The Doctor Who references – I read something telling me that there were easter eggs, but I refrained from looking them up until after I’d seen the show. I think I caught most of them, but having the actor who played Strax the Sontaran walk by out of makeup wasn’t fair. I knew it had to be an easter egg when he stopped to talked to Michael Sheen as David Tennant was walking away, but how was I to know what he looked like in real life? From what I can tell I got the most of the rest. In case you haven’t gotten them I’ll be vague. There’s also references to Gallifrey, the T.A.R.D.I.S., the 4th Doctor, and the Daleks. There are also a ton of actors who have previously appeared in Doctor Who. Including (but not limited to) David Morrissey, Derek Jacobi, Mark Gatiss, and Bill Paterson (who also starred in my favorite movie about Munchhausen by Proxy syndrome. Get it?). I’m know there’s more, but those are with ones I recognized without having to look up. I’m sure there are some that I didn’t recognize easily to look up so let me know if you catch something else.
Tennant and Sheen – if ever there were two actors better suited to play their roles I don’t know about it. Michael Sheen is one of those actors who has been in a ton of stuff, but I really don’t remember him from much besides a shitty Twilight movie, less shitty (but still not great) Underworld movies, and a brief appearance in 30 Rock. His stuffy, human loving angel Aziraphale is spot on. The nuance, subtlety, and flair he brings to the role are astounding. We all know David Tennant was the 10th Doctor Who, and he was brilliant, but he’s perfect as the demon who has just a bit of good in him. He’s got the sexy swagger of a rock star, but that same ridiculously expressive face that makes it impossible not to be hypnotized just watching him. Even when the pacing is thrown off by glimpses into their relationship it’s okay because their relationship is the main point of this show (and the book). The apocalypse just happens to be going on around them during the time this takes place. At various points in their history they’re each convinced they aren’t friends. Then they go for meals, get drunk, and save each other from “death” (as immortals it’s more discorporation than dying. A lot of paperwork comes with losing your body so it’s still bad). The deep bond that can come when good and evil put their differences aside is what’s at the heart of things here. From a certain point of view Good Omens is a love story (if platonic one) that really gets you in the feels more times than you’d expect.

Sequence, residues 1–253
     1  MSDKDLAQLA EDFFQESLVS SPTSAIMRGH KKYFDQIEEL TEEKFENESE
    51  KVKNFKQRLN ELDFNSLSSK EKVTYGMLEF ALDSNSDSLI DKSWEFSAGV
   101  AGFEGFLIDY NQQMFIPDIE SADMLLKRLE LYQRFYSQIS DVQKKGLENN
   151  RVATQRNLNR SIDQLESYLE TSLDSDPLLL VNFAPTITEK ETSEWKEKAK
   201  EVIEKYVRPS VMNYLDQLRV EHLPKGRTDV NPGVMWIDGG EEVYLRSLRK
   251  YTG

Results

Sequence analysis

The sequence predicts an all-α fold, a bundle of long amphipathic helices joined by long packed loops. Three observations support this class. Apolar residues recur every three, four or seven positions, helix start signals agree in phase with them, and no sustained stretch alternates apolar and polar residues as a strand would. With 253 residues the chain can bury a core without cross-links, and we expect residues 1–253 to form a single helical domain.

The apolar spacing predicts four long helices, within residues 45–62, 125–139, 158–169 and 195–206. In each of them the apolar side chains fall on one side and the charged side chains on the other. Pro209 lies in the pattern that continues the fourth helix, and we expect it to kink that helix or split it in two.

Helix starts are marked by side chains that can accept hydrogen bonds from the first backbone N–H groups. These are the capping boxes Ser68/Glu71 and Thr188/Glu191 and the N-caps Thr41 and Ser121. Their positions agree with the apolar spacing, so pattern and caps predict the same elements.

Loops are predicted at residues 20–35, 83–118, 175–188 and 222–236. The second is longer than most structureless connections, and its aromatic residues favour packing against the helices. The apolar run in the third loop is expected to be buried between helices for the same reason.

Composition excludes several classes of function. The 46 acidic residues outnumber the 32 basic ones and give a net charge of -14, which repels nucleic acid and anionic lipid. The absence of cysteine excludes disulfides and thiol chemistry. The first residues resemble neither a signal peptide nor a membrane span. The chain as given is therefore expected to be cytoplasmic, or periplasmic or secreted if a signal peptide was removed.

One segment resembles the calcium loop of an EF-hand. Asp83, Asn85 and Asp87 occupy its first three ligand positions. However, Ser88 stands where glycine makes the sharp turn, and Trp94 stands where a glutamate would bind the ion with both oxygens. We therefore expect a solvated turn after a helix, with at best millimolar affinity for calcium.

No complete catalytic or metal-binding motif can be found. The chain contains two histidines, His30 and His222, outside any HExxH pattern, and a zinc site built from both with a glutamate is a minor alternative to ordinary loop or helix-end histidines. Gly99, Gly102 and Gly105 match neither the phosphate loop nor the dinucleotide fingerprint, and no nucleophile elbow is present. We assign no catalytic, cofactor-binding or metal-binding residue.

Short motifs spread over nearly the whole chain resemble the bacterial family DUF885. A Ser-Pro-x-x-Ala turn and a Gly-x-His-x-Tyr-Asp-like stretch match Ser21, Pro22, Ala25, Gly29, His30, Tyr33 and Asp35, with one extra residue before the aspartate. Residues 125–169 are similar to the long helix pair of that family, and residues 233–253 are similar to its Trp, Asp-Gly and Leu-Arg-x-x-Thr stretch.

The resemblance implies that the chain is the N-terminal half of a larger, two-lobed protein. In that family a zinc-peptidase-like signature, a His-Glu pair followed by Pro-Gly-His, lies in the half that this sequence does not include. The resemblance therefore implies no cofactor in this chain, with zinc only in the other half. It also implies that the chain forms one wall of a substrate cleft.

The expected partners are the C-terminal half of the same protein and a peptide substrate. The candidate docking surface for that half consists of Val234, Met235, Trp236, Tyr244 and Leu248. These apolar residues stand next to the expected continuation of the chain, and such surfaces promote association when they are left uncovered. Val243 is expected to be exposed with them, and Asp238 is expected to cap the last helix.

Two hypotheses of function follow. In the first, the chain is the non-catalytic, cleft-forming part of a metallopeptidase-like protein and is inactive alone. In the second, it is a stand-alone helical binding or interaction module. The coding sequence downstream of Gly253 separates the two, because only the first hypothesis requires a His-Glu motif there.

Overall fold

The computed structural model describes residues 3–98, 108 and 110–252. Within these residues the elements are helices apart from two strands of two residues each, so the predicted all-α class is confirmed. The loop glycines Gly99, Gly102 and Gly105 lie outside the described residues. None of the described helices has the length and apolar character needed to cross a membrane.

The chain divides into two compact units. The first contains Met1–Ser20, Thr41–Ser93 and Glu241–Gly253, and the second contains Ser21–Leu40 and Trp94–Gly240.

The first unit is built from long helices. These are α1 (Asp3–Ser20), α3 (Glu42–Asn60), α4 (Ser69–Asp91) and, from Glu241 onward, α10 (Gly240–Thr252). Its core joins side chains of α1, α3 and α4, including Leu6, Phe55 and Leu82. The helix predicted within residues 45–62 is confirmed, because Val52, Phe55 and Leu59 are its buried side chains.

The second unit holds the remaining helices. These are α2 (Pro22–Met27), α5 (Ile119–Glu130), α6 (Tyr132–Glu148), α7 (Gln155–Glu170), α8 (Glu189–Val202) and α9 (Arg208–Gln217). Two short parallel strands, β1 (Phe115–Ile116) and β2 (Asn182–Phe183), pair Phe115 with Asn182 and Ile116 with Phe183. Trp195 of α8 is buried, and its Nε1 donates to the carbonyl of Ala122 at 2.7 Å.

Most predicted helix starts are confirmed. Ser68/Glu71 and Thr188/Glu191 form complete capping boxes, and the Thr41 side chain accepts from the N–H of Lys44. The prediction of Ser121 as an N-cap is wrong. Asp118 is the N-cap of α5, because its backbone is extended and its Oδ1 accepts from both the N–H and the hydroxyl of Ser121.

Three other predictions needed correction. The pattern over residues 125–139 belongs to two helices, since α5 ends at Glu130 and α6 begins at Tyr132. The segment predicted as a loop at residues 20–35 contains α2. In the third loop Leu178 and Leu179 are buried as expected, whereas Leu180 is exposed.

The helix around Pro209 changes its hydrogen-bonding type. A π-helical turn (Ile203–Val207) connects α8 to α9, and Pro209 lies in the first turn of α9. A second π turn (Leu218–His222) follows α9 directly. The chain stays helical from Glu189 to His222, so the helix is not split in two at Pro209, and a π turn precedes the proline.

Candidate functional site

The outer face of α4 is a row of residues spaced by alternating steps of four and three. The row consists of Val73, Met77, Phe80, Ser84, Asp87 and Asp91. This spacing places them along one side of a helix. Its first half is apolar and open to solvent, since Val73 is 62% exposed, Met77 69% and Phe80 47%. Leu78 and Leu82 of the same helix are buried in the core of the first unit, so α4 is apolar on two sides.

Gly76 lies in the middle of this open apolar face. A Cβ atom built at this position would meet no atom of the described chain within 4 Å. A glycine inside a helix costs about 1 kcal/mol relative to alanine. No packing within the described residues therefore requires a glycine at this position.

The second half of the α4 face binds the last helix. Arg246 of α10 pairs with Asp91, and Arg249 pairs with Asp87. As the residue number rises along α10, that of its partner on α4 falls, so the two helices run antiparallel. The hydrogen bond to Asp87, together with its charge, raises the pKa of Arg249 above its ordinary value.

I’ve watched it twice so far (gotta catch all the things I missed the first go around), and I’ll watch it at least once more. Don’t let the “season 1” thing in the episode selection get your hopes up too much though. This is likely to be the only one. As much as Neil Gaiman was happy to bring the book to life I haven’t read anything that gives me the impression he’d want to carry on without Terry Pratchett. They only wrote the one book together. There was talk of another, but they just didn’t get around to it before Pratchett’s dementia took it’s toll. So take what we did get, and enjoy it. Nobody ever thought we’d get a movie, much less a series. I can’t imagine it could get much better than this either. Nothing is perfect, but this is about as close as we’re likely to see this year.
Okay that was going to be the end, but then I found this petition while I was looking up pictures to use. There’s a religious group petitioning for Netflix to cancel Good Omens. What’s more funny – the fact that the show was done by and is airing on Prime Video, or that these people are offended by a story that’s already out in the world and can’t be canceled? I wish I could make this stuff up guys. I copied an excerpt below, but it’s funny enough to read it all for yourself.
The Netflix series “Good Omens,” based on a book by Terry Pratchett and Neil Gaiman, portrays the agents of Good and Evil as fighters in an arbitrary struggle devoid of meaning and truth. This series presents devils and Satanists as normal and even good, where they merely have a different way of being, and mocks God’s wisdom in the following ways
Hungry for more movies, music, and pop culture? Visit the Needless Things Archives for a decade of dorkery!